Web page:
Still, he tries to attend his lectures.  Since he can’t find a babysitter for Amir, he has to take him to the seminary and listen from outside the classroom while holding the infant in his arms.   At one of these lectures, he hears the speaker say,
A kid was falling from the roof, and noone could do anything. One simple rural man who was there raised his head to the sky and said: “God, please save him by Yourself.” The kid stopped in the middle of the air.  People surrounded him and asked, “who are you?’ and “what miracle or power is it?” The old man was shocked.  He said,
“isn’t it normal? To whatever God told me, I said, ‘alright’. And whatever I tell God, God doesn’t say ‘no’”. 
He was just a simple rural man with no studies in philosophy. No knowledge of esoterism, nor a dervish of extreme austerity.  He just had done honestly everything he knew.
This is an example of some of the religious philosophy that underpins the story, and I will call this Sermon #1.  Here the lesson is for people not to engage in deep philosophical speculation; just do as you are told.

3.  Zahra at Home
Zahra is brought home, but she is crippled and miserable.  Crying out, she asks God to kill her so that she die with dignity.  Seyyed merely cautions her not to speak like that, because she will anger God.  After more of Zahra’s crying, Seyyed finally blows up at her.  He complains that her illness has interfered with his precious studies, “and you just whine”, he says. 
“You want to go [back] to Nishapur?  I take you tomorrow and leave you there.”
They do later make up, after Zahra apologises.  Gradually, though, Seyyed seems to be becoming more down-to-earth in connection with his interactions with Aida and others around him.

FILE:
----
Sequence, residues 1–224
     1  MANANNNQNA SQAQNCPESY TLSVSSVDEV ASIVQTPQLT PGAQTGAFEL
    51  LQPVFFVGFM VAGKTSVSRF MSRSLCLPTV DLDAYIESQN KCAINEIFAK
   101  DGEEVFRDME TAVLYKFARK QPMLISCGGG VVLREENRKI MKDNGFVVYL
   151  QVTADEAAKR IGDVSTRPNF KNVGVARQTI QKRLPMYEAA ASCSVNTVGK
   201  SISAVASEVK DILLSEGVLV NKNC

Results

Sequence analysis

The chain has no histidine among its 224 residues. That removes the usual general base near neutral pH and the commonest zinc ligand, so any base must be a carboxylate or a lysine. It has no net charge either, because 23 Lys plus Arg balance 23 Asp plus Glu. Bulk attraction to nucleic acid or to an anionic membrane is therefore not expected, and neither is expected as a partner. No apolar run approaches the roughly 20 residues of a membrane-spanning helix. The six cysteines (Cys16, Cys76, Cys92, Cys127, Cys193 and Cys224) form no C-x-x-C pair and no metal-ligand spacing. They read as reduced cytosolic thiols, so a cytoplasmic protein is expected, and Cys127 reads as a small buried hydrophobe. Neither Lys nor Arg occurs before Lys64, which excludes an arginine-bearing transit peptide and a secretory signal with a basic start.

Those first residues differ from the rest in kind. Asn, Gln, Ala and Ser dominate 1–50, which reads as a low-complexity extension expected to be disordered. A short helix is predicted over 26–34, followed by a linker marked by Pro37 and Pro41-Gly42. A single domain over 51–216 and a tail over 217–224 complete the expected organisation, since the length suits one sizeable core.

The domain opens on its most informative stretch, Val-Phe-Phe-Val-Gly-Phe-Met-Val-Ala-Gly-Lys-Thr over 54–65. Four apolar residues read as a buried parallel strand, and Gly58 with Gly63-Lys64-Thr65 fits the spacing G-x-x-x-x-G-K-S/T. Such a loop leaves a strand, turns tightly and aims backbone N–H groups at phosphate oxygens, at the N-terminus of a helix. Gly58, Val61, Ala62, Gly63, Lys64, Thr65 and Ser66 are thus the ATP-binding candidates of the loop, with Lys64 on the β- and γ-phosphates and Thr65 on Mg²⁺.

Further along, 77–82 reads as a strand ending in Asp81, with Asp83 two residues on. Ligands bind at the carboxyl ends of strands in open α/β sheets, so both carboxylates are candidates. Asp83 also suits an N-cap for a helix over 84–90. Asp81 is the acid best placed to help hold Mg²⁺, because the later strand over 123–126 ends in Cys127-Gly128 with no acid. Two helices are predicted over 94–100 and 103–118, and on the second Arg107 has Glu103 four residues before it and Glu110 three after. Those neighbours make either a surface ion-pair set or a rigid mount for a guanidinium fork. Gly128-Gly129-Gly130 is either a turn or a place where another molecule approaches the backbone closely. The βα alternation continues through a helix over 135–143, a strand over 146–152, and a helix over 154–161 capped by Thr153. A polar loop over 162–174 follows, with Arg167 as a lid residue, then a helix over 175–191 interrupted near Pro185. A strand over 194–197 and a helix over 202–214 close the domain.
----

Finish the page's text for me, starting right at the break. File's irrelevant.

Later while Zahra is out walking on crutches, the haughty nurse Sepideh pays a personal visit to Seyyed. She had had some personal conversations with Zahra in the hospital and was emotionally affected by Zahra’s deteriorating condition. In particular, Sepideh was moved by Zahra’s belief that “there is happiness in appreciating the small things”. Before departing, Sepideh somewhat presumptiously instructs Seyyed to tell his wife that he loves her.

Back home, Zahra bravely suggests to Seyyed that the two kids will need a new mother to look after them. To her surprise and alarm, Seyyed answers that he has been thinking along the same lines.  When he detects her misgivings, Seyyed accuses her of being willing to leave him all alone to look after things.  Zahra acquiesces and can only glumly hope that the new wife will not be too glamorous.

4.  Conclusion
Seyyed has been diligently working on a hand-woven carpet that he has been contracted to supply. But he has trouble completing the task because of a worsening blurring condition in his own eyes. He delivers the carpet, but tells his contractor that he cannot continue with this kind of work for awhile.  He now has his own seriously deteriorating health problem to deal with.  So he decides to get away from it all for a bit and enlists Hamid to take his family to the countryside for a picnic.

On the outing Zahra invites Seyyed to read to her from the Quran like he used to. He obligingly picks up the Quran and, pretending to read what he cannot see because of his now blurred vision, apparently recites some lines from memory.  Then he tells her what Sepideh had instructed him to say: that he loves her.

In the final scene, Seyyed goes back to the seminary and listens from outside the classroom to another lecture (Sermon #2):
For a long time everyone has been looking for a key to heaven, a treasure or elixir.  They are searching for the secret to happiness in the wrong place. . . . The whole story can be summed up in one word [phrase]: call it a “key” or a “code”. . . . The Great God told Moses this code in one word.: Love for My sake, Hate for My sake.